Syn. -- Venom; virus; bane; pest; malignity. -- Poison, Venom. Poison usually denotes something received into the system by the mouth, breath, etc. Venom is something discharged from animals and received by means of a wound, as by the bite or sting of serpents, scorpions, etc. Hence, venom specifically implies some malignity of nature or purpose.

  5. To injure or kill by poison; to administer poison to.

    If you poison us, do we not die ? Shak.

  6. To taint; to corrupt; to vitiate; as, vice poisons happiness; slander poisoned his mind.

    Whispering tongues can poison truth. Coleridge.

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Poison

POISON, noun poiz'n. [Latin pus.]

1. A substance which, when taken into the stomach, mixed with the blood or applied to the skin or flesh, proves fatal or deleterious by an action not mechanical; venom. The more active and virulent poisons destroy life in a short time; others are slow in their operation, others produce inflammation without proving fatal. In the application of poison much depends on the quantity.

2. Any thing infectious, malignant, or noxious to health; as the poison of pestilential diseases.

3. That which taints or destroys moral purity or health; as the poison of evil example; the poison of sin.

POIS'ON, verb transitive To infect with any thing fatal to life; as, to poison an arrow.

1. To attack, injure or kill by poison

He was so discouraged that he poisoned himself and died. 2 Macc.

2. To taint; to mar; to impair; as, discontent poisons the happiness of life.

Hast thou not

With thy false arts poison'd his people's loyalty?

3. To corrupt. Our youth are poisoned with false notions of honor, or with pernicious maxims of government.

To suffer the thoughts to be vitiated, is to poison the fountains of morality.

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Words carry the power life in them, namely God's word is the source of life.

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Word of the Day

importance

IMPORT'ANCE, n.

1. Weight; consequence; a bearing on some interest; that quality of any thing by which it may affect a measure, interest or result. The education of youth is of great importance to a free government. A religious education is of infinite importance to every human being.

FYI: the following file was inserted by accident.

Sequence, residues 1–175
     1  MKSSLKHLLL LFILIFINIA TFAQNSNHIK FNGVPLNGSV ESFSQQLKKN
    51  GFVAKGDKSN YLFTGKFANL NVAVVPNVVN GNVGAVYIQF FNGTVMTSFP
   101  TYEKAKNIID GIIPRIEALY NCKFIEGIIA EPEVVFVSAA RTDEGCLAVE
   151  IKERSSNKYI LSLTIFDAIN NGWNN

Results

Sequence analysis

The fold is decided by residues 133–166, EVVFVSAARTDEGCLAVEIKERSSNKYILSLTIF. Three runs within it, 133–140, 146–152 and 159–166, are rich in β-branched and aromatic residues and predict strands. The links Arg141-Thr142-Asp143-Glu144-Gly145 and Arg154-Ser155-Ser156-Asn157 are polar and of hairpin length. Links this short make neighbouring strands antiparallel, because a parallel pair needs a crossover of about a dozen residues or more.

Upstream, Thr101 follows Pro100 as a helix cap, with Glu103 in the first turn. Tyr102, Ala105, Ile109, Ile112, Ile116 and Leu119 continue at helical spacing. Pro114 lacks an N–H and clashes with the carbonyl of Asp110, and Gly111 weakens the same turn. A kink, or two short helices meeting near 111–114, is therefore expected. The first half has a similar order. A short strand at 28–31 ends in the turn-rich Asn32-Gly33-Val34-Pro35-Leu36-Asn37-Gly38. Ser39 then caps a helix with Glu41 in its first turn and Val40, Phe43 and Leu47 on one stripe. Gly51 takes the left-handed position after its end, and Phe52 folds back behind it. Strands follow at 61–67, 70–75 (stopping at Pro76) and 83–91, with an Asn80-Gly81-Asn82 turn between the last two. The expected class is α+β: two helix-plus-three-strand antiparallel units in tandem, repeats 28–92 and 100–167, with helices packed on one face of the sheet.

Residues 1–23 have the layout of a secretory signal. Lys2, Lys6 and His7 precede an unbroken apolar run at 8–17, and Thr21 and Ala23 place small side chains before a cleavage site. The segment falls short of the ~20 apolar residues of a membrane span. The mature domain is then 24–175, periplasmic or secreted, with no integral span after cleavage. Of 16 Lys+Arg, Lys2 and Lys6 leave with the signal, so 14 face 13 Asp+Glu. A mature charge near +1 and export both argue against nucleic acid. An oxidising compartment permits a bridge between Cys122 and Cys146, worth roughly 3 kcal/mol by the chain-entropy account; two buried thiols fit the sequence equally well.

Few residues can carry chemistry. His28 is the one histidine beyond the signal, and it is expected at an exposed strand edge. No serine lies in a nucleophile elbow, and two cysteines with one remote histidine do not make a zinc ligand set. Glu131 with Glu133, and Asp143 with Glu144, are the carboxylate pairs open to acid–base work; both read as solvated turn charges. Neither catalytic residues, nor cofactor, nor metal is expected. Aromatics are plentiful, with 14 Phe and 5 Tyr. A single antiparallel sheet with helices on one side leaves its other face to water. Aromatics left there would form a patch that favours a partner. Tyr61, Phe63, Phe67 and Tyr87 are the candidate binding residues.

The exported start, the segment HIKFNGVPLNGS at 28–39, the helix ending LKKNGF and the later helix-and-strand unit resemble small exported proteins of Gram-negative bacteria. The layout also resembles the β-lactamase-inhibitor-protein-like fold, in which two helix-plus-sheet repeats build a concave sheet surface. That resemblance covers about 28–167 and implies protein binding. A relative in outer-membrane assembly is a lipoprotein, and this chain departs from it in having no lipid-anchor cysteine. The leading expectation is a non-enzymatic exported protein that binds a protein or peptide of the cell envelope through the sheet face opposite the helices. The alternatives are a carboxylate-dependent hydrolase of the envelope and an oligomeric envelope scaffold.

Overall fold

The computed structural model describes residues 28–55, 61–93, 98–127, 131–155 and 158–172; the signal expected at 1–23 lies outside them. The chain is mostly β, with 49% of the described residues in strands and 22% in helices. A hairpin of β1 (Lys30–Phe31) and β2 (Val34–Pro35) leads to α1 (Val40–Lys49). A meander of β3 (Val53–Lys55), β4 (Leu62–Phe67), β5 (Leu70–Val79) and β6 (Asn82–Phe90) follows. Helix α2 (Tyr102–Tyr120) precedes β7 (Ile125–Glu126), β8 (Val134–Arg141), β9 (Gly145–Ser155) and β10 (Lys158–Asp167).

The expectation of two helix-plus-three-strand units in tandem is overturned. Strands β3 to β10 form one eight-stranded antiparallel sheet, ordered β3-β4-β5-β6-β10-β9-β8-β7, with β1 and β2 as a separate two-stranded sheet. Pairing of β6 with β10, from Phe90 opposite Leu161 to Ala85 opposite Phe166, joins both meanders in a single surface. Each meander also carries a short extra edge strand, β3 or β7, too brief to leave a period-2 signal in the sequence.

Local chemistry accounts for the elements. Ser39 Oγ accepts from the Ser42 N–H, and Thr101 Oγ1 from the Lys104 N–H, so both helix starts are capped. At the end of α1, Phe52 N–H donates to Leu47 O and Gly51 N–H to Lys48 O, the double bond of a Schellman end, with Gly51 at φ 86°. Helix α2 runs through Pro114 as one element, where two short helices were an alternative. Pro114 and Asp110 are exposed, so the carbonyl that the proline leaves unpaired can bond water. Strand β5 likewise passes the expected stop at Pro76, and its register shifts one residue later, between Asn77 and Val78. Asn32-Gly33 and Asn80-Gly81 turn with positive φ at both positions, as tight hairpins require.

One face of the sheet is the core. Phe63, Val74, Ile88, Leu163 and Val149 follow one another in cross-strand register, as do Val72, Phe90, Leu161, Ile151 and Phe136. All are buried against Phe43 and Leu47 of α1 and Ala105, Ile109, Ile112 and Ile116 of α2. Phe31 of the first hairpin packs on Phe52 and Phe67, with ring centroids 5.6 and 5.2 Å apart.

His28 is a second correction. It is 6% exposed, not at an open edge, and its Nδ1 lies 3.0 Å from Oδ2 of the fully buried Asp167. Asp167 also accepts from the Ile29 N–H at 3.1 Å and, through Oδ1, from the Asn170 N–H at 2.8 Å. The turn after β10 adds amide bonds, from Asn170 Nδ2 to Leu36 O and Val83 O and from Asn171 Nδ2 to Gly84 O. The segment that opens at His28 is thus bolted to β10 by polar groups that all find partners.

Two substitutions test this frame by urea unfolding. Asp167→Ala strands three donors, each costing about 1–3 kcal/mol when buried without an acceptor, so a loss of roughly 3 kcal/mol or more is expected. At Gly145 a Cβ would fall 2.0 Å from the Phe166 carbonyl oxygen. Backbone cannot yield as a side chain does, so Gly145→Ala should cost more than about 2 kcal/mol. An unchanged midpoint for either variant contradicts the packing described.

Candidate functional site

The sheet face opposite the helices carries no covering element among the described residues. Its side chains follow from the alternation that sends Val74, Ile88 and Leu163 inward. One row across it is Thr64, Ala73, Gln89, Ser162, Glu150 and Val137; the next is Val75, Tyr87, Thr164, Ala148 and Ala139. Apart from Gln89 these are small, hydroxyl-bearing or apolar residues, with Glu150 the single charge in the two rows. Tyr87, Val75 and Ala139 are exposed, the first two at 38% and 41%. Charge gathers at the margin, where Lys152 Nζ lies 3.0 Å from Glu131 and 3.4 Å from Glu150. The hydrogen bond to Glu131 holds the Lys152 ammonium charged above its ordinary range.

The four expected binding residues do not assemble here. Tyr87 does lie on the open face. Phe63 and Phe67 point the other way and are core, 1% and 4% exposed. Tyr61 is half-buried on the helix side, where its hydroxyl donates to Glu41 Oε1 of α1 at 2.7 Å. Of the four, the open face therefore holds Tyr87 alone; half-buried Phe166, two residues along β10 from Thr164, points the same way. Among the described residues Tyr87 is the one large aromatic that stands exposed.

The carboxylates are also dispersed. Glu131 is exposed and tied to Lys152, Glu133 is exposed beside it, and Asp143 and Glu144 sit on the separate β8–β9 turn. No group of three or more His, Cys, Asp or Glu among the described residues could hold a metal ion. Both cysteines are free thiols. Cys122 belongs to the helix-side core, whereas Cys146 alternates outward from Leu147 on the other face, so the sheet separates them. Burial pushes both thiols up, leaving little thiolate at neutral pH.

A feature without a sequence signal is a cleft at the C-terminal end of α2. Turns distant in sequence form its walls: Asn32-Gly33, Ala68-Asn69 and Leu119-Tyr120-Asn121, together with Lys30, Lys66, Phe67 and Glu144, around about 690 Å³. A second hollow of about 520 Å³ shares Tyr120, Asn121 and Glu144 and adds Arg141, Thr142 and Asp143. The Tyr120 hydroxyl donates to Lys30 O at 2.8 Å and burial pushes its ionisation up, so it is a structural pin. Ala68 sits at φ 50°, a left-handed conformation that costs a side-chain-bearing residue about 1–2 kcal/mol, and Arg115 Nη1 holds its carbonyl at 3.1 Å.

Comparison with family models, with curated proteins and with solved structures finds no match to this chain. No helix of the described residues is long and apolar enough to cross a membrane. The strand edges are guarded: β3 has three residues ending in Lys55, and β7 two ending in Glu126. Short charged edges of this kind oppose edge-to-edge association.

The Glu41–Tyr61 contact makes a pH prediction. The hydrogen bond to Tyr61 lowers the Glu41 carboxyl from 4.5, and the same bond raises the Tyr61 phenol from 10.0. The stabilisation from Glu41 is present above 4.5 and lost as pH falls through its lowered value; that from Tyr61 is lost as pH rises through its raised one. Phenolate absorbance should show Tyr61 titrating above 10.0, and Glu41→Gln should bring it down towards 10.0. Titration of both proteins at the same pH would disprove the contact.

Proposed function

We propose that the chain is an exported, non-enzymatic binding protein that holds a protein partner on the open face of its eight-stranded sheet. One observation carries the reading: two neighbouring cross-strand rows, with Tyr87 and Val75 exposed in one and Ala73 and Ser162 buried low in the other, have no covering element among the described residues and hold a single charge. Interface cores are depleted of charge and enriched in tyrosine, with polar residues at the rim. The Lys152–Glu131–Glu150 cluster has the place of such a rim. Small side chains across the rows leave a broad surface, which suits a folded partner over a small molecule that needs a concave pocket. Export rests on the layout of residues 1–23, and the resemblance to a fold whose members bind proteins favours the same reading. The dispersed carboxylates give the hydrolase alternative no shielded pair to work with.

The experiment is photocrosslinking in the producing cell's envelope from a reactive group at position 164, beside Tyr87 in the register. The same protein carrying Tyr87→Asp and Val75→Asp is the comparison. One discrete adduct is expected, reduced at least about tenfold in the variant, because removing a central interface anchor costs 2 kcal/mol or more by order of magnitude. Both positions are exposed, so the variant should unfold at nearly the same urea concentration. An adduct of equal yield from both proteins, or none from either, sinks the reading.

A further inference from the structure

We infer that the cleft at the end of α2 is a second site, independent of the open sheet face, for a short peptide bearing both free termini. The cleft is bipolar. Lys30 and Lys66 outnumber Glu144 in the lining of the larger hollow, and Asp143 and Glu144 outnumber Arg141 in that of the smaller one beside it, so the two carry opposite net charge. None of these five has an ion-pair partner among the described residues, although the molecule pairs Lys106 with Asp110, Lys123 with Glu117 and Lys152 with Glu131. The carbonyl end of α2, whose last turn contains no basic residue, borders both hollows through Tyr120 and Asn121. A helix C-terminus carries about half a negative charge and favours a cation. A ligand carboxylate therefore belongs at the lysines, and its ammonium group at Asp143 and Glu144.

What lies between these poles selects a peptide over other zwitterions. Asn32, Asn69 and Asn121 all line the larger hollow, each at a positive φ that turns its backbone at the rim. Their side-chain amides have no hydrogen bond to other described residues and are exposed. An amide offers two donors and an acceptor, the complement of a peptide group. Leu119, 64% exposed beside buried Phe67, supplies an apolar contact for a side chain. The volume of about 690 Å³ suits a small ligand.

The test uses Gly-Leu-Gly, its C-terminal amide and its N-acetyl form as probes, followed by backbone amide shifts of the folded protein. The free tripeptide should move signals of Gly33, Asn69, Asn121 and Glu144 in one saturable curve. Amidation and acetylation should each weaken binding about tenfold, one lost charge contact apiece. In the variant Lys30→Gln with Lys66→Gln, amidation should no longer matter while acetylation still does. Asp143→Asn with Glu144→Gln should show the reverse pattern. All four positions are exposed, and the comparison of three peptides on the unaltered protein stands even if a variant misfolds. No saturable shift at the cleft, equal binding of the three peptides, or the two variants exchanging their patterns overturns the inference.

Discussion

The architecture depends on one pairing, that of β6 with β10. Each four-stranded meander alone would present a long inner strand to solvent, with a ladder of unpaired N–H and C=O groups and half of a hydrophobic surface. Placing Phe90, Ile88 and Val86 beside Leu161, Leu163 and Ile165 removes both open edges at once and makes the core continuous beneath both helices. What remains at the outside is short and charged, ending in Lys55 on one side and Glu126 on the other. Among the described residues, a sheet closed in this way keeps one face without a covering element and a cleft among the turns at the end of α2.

2. Weight or consequence in the scale of being.

Thy own importance know.

Nor bound thy narrow views to things below.

3. Weight or consequence in self-estimation.

He believes himself a man of importance.

4. Thing implied; matter; subject; importunity. [In these senses, obsolete.]

Random Word

antimony

AN'TIMONY, n. [Low L. antimonium.]

Primarily, a metallic ore consisting of sulphur combined with a metal; the sulphuret of antimony, the stibium of the Romans and of the Greeks. It is a blackish mineral, which stains the hands, hard, brittle, full of long, shining, needlelike striae. It is found in the mines of Bohemia, and Hungary; in France and England, and in America. This word is also used for the pure metal of regulus of antimony, a metal of a grayish or silvery white, very brittle, and of a plated or scaly texture, and of moderate specific gravity. By exposure to air, its surface becomes tarnished, but does not rust. It is used as an ingredient in concave mirrors, giving them a finer texture. In bells, it renders the sound more clear; it renders tin more hard, white and sonorous, and gives to printing types more firmness and smoothness. It is also useful in promoting the fusion of metals, and especially in casting cannon balls. In its crude state, it is harmless to the human constitution; but many of its preparations act violently as emetics and cathartics. It has also a peculiar efficacy in promoting the secretions, particularly as a sudorific.

Noah's 1828 Dictionary

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Noah Webster, the Father of American Christian education, wrote the first American dictionary and established a system of rules to govern spelling, grammar, and reading. This master linguist understood the power of words, their definitions, and the need for precise word usage in communication to maintain independence. Webster used the Bible as the foundation for his definitions.

This standard reference tool will greatly assist students of all ages in their studies.

No other dictionary compares with the Webster's 1828 dictionary. The English language has changed again and again and in many instances has become corrupt. The American Dictionary of the English Language is based upon God's written word, for Noah Webster used the Bible as the foundation for his definitions. This standard reference tool will greatly assist students of all ages in their studies. From American History to literature, from science to the Word of God, this dictionary is a necessity. For homeschoolers as well as avid Bible students it is easy, fast, and sophisticated.